Born in Maghar, a northern Israeli town with a majority Druze population that has co-existed since ancient times with Christian, Muslim and Jewish communities, Abbas was exposed to a multiculturalism at an early age.
“This background of coexistence, multiculturalism and discourse with other religions has shaped his political and personal conduct,” explained Rudnitzky.
After high school, Abbas enrolled in the dentistry programme at the Hebrew University of Jerusalem, where he met the founder of the Islamic Movement in Israel. The teenage dentistry student was a devout Muslim and his engagement with a movement advocating Islamic values among the Palestinians who stayed on their land following the 1948 creation of Israel was a natural fit.
“Mansour Abbas is an Islamist by orientation, a dentist by profession and a gentleman in his personal conduct,” said Rudnitzky, who has met the Raam party chief on several occasions.
Raam is the political arm of the southern branch of the Islamic Movement, which split in the 1990s into the hardline northern branch and the more moderate southern branch willing to engage in the Israeli democratic process.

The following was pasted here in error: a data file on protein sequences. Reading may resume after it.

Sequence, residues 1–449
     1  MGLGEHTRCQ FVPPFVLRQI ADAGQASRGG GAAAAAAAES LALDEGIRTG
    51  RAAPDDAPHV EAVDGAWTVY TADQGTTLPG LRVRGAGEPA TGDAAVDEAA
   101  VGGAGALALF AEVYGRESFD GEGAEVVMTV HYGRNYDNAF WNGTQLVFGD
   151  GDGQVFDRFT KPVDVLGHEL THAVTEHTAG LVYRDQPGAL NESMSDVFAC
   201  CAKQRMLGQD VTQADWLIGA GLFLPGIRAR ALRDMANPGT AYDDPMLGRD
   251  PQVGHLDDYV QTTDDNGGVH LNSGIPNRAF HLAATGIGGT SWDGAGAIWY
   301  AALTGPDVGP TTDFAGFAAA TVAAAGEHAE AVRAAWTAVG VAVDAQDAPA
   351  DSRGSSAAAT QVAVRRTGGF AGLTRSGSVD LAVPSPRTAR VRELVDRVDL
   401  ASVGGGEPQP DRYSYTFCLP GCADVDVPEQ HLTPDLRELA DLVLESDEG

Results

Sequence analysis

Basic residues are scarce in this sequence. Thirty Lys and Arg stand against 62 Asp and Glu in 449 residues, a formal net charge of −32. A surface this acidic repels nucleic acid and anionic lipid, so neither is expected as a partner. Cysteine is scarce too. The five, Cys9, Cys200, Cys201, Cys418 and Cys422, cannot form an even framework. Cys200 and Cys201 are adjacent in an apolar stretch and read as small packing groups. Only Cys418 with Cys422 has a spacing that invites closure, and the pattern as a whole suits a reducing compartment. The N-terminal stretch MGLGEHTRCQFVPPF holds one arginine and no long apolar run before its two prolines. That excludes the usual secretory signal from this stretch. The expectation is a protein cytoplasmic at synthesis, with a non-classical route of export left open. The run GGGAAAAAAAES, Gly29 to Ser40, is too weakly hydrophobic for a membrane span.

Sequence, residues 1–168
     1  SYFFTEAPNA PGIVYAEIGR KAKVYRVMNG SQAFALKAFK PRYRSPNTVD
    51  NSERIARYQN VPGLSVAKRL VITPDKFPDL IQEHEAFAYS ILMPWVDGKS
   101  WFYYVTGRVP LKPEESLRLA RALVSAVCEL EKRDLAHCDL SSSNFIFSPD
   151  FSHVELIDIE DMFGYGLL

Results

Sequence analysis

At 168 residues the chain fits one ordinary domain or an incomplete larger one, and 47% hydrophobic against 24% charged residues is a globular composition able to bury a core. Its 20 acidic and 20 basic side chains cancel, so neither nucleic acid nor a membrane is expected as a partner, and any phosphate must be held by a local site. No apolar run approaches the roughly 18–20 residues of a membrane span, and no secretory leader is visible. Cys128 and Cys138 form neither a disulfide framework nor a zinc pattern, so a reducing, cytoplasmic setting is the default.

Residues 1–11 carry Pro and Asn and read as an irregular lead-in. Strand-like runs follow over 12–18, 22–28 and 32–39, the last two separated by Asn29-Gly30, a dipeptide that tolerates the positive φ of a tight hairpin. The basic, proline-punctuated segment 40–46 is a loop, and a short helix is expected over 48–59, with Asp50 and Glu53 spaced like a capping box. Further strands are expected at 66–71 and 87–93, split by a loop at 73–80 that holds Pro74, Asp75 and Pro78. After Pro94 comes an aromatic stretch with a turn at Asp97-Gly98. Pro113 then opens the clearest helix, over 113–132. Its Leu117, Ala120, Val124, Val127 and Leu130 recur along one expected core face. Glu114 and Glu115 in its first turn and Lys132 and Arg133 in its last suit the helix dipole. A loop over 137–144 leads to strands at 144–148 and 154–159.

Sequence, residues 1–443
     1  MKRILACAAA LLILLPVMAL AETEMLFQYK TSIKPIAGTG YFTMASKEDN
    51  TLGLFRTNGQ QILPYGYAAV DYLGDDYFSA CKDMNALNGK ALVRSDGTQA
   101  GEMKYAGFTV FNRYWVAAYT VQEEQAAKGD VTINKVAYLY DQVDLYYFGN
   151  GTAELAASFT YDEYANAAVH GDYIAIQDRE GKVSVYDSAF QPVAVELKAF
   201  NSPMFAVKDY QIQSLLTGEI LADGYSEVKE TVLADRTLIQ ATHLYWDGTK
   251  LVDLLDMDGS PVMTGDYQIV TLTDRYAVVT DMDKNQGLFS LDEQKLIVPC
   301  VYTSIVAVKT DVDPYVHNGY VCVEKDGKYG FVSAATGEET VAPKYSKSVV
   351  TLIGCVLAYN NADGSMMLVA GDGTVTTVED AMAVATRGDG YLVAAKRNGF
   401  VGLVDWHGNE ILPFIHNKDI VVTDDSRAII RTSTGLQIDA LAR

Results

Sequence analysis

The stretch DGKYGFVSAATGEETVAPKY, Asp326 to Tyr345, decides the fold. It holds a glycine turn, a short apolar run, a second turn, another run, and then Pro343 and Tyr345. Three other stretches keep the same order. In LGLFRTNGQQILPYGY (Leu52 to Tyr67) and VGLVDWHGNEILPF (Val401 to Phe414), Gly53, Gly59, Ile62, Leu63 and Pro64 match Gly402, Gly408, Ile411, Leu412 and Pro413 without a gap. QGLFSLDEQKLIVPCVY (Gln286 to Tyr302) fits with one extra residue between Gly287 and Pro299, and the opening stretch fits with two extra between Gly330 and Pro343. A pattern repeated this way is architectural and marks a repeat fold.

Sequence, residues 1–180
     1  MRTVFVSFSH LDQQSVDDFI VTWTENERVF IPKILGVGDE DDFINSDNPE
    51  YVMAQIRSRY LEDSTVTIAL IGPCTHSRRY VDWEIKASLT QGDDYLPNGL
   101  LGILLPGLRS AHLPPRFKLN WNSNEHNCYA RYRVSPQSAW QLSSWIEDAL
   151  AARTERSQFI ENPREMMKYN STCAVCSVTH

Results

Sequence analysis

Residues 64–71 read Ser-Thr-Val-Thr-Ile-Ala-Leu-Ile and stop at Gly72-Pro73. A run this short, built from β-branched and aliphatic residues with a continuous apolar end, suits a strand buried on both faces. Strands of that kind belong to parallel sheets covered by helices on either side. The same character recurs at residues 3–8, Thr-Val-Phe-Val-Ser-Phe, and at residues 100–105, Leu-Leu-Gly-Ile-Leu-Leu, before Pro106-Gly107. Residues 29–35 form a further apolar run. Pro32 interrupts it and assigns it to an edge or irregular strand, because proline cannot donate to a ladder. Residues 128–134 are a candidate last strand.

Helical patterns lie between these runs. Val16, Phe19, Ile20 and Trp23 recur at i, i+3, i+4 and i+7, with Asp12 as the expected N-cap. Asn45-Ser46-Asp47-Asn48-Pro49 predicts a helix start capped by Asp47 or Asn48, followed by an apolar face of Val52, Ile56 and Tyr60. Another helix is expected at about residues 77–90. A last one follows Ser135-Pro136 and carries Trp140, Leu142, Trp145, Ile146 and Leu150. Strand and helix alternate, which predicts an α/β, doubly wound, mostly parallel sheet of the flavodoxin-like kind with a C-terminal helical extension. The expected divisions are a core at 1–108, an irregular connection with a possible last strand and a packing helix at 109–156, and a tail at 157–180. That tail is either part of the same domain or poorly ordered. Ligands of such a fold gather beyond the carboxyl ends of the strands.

Following his graduation, Abbas rose up the party ranks until his April 2019 election to the Knesset in a joint coalition with the National Democratic Alliance (Balad) Party, a progressive party founded by Israeli Palestinian intellectuals and a member of the Joint List alliance.
But by the next year, the divisions within the Joint List were starting to show.
Arab splits over gay conversion therapy
In July 2020, Abbas and his fellow Raam parliamentarians voted against a bill banning the controversial “gay conversion therapy”. Odeh, the leader of the Joint List, along with two other members, approved the bill.
Following the vote, Abbas accused his fellow Arab parliamentarians who approved the conversion therapy ban of breaking with their cultural roots.
“Arab society protects its sons and daughters from moral and behavioral deterioration,” he told the Middle East news site, The Media Line, adding that the legislation sought to “encourage” homosexuality in the Israeli Arab community.
In the lead-up to the latest vote, the differences had widened from social to political issues.
Attempts to maintain the unity of the Joint List failed earlier this year over the renegade Raam party chief’s professed willingness to get into political bed with Netanyahu.
Without the backing of the Joint List, polls suggested Abbas’s United Arab List would not make the 2.35% vote threshold necessary to make it into parliament.
But the results from Tuesday’s vote have so far proved them wrong, with the United Arab List winning five seats in the Knesset.
“The numbers speak for themselves,” said Levy. “Clearly, he did appeal to a section of the Arab community more open to political cooperation. Many Arabs want their representatives to play some role in the Knesset. Polls show that the community is more open to playing a more active part than the Joint List consigned to the opposition.”